This establishes a responsibility for people overseeing a tax practice to ensure proper ethical procedures are in place and followed. Further, as noted in Section 10.36(b), any such individual who has (or such individuals who have or share) principal authority as described in Section 10.36(a) will be subject to discipline for failing to comply with the requirements of Section 10.36 if:

The individual through willfulness, recklessness, or gross incompetence does not take reasonable steps to ensure that firm procedures in effect are properly followed, and one or more individuals who are members of, associated with, or employed by, the firm are, or have, engaged in a pattern or practice, in connection with their practice with the firm, of failing to comply with this part, as applicable; or . . . [t]he individual knows or should know that one or more individuals who are members of, associated with, or employed by, the firm are, or have, engaged in a pattern or practice, in connection with their practice with the firm, that does not comply with this part, as applicable, and the individual, through willfulness, recklessness, or gross incompetence fails to take prompt action to correct the noncompliance. [Circular 230, §§10.36(b)(2) and (3)]

It is important to note that Section 10.36 does not just refer to people employed by the firm, but also to people associated with the firm. This means that the person responsible for overseeing the tax department is responsible for ensuring compliance with these ethical procedures for employees as well as for contractors and other parties who are associated with the firm.

The typical situation often involves the individual responsible for overseeing the tax practice hiring a web designer to build the firm's webpage. Unbeknownst to the firm, the web designer then adds metadata as part of the design. In this case, the person responsible for overseeing the tax practice would have a clear responsibility to discuss the firm's and the profession's ethical regulations and requirements with the web designer and ensure that he or she complies with those rules. Failure to do so could result in sanctions against the person charged with overseeing the firm's tax department.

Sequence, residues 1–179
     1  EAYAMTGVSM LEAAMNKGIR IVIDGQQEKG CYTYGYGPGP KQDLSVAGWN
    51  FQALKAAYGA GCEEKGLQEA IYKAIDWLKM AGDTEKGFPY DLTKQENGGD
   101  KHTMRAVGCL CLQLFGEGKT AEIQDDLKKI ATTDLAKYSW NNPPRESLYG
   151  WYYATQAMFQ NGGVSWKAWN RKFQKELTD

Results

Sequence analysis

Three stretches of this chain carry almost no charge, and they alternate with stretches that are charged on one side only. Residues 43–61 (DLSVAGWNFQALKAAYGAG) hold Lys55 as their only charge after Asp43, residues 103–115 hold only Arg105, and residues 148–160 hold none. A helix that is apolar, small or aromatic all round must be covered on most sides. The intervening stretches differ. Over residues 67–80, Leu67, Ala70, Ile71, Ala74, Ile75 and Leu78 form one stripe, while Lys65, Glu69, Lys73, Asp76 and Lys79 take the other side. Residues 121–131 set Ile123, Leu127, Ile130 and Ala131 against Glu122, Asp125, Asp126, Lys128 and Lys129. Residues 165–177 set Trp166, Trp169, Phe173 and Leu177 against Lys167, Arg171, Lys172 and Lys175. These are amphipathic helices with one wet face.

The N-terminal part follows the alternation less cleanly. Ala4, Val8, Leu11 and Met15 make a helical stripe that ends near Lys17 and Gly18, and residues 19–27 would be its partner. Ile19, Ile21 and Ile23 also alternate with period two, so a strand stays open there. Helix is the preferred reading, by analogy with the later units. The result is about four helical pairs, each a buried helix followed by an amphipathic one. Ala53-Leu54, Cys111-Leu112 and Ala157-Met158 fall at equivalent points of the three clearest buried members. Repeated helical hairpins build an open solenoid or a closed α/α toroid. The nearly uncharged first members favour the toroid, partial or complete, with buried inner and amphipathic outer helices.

The final case involved the use of false information in an advertisement. In this situation, the firm advertised in an online banner advertisement that a person employed with the firm had obtained certain educational degrees. However, that person had left the firm; yet the company continued to run the advertisement through several websites. This is a violation of the advertising rules under Circular 230, Section 10.30. To comply with this rule, firms should make sure they run ads that are unlikely to become outdated or to provide inaccurate information. They must promptly remove or discontinue distributing ones that do.

Processing and storing client data in the cloud

As with the previous example of a webpage designer, if a CPA firm hires a vendor to provide cloud services for processing and storing data, that cloud service company is now associated with the tax practice for the purposes of Circular 230, Section 10.36.

Circular 230, Section 10.51, states that "incompetence and disreputable conduct for which a practitioner may be sanctioned under §10.50 includes, but is not limited to . . . willfully disclosing or otherwise using a tax return or tax return information in a manner not authorized by the Internal Revenue Code" (Section 10.51(a)(15)). If the practitioner in charge of the tax practice hired a cloud provider without properly determining if the company had sufficient capabilities to protect client data, there could be a sanctionable violation of Circular 230.

Use of business networking sites